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Visa troubles for Aussie startups persist as Global Talent Scheme pilot delayed for months

Dominic Powell /

startup visas

Job Capital founder Jo Burston. Source: Supplied.

Australian startup founders are still facing significant visa issues, with industry figures claiming the new visa options revealed in the wake of the 457 visa abolition aren’t giving founder sufficient access to international talent.

The Federal Government effectively put visa issues to bed earlier this year with the unveiling of a new ‘Global Talent Scheme’ visa and the 457-replacement Temporary Skill Shortage (TSS) visa.

The new visas were heralded as a “game-changer” for the startup scene, but months down the line attitudes have grown cold after political turmoil in Canberra has effectively halted progress, leaving startup founders with limited access to global talent.

The Global Talent Scheme visa promised to create a specific ‘stream’ just for startups, which would allow them to hire for five positions each year via the visa, with a pathway to permanent residency given after three years. There were a number of concessions stapled to the visa, however, with startups needing to be ‘verified’ by an independent panel prior to using the visa class.

Hopes were high for the new visa stream, however, speaking to StartupSmart, StartupAus chief executive Alex McCauley says the Global Talent Scheme visa is well and truly on the backburner, failing to miss its target for a pilot launch on July 1. McCauley sits on the advisory and independent panel for the Global Talent Scheme visa.

“Unfortunately it’s been quite slow coming in. The pilot was meant to start on July 1, but there have been no visas issued under the scheme yet,” he says.

“Part of the reasons for that is the shifting around on a political level in Canberra, but in the meantime, startups have been applying for the regular TSS visa, which just looks a lot like the 457 visa.”

TSS visa worse than the 457

Comparing the TSS visa to the 457 visa is even too generous according to some founders. The TSS visa has been criticised as being too restrictive to startups looking to hire internationally, with Jo Burston, founder of labour hire and migration consulting firm Job Capital telling StartupSmart the TSS visa is far from a holistic solution for businesses.

The renowned business owner and startup scene advocate says her experience working closely with businesses looking to hire international talent has laid bare the faults of the TSS visa, namely the significant processing times and high costs. Additionally, Burston says many founders just “don’t know what to do” when it comes to the incredibly complex Australian visa space.

For a short-term TSS visa, the cost of sponsoring an applicant starts at $1,175, and for a medium-term visa they start at $2,455. Additionally, businesses now must pay a bevy of fees and levies, including a $2,000 to $7,000 levy depending on the business’ turnover, and a requirement to dedicate 1-2% of its payroll to an industry training fund.

Burston says these costs are an “instant barrier” for smaller businesses and young startups who were hoping to employ overseas workers, saying the spendings can compound quickly if businesses want to employ multiple international workers.

She also criticised the labour market testing required of companies as part of the TSS visa, which requires businesses to undertake four months of job-searching prior to hiring an international worker for the role.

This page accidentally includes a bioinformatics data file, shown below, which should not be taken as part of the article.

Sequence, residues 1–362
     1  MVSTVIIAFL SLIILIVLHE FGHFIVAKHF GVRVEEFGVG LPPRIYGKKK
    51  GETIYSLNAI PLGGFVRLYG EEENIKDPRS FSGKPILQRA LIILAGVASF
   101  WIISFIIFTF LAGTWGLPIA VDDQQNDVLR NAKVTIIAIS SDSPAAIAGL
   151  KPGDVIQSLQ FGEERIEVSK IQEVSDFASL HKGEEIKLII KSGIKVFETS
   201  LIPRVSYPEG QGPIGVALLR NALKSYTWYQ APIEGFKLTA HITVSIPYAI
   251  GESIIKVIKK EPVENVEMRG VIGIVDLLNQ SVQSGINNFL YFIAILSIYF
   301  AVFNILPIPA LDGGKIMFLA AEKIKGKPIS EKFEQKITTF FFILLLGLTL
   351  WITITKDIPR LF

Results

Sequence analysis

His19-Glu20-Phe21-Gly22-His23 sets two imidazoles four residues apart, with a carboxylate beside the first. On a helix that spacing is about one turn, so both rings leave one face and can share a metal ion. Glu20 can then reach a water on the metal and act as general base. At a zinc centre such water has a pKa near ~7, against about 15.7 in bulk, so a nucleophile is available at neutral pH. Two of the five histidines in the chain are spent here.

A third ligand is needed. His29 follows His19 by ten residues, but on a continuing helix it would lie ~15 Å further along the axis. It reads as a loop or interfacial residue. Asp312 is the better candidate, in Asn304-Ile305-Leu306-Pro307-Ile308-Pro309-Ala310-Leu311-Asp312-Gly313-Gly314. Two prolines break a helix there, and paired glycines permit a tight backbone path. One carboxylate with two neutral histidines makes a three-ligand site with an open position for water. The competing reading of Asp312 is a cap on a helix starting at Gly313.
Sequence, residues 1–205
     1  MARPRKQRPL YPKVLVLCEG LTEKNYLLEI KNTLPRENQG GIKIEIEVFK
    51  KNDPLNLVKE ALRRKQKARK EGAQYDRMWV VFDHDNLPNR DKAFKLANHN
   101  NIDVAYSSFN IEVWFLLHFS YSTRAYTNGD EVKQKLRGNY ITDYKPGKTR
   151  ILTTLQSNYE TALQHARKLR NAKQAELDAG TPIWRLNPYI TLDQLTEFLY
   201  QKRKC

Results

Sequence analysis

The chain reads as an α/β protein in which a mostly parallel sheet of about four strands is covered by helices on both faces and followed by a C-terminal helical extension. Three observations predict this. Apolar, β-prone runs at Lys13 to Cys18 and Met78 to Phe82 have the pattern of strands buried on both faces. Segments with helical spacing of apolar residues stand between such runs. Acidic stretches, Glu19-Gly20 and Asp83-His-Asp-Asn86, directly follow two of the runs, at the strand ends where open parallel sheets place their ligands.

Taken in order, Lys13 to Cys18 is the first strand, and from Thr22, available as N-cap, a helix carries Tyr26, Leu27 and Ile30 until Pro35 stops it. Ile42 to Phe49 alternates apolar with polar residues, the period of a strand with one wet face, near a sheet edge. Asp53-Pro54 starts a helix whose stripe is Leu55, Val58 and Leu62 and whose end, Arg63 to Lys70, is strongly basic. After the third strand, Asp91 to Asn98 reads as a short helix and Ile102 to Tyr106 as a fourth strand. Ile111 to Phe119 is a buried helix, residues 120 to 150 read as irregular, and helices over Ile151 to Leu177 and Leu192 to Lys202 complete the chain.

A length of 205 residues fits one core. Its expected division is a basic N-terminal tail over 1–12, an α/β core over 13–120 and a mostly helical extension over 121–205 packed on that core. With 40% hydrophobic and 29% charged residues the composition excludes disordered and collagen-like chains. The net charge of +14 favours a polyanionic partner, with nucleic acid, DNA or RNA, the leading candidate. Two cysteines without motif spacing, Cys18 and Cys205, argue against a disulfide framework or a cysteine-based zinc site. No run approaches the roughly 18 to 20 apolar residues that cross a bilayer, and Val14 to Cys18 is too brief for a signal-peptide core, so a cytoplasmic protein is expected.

“This hinders any company looking to get a worker into Australia really quickly, especially those who need someone with very specific skills to run a certain project,” she says.

“A lot of companies have shied away from the process which has led to them not having the expertise they need, simply because they didn’t want to put themselves through six months of dealing with Home Affairs.”

While McCauley agrees on the slowness of the TSS visas, he thinks the costs are mostly a non-issue for startups, who he says will be employing workers on significant salaries in the first place.

However, although the startup advocate says it’s better to have the TSS visa rather than be in “limbo” like the community was last year, he says the TSS visa is nowhere near as good as the 457 visa in isolation.

“The government wanted to make it harder for businesses to get visas, and that’s what they’ve done,” he says.

But once the Global Talent Scheme is up and running, McCauley says startups will have a solid visa option, even despite Australia’s “slow-moving immigration apparatus”.

Further changes unlikely

If startups are still hopeful for sweeping policy changes on visas, Burston warns founders might be waiting for a while, saying the 457 visa class was abolished by the government to keep it off the political agenda and the topic is too “politically safe” for either party to foray into.

“I can’t see anything changing any time soon without some major lobbying. It’s not going to happen,” she says.

McCauley mostly agrees, saying while “anything’s possible” he doubts any major changes to the visa will happen in the near future but says some changes on the edges could be made.

He’s hopeful to see some progress soon on getting the TSS visas finalised and established, saying they just need to be “signed off” on by the government.

“We need to get things moving, but stuff takes time in government, and even more time if there are political issues in Canberra,” he says.

NOW READ: Australian startups still concerned over 457 visa changes: “I’m all for an ‘Australian first’ approach, but I think we’re getting it wrong”

NOW READ: Australia’s innovation immigration policy, where the bloody hell are you?

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Dominic Powell

Dominic is the features and profiles editor at SmartCompany.

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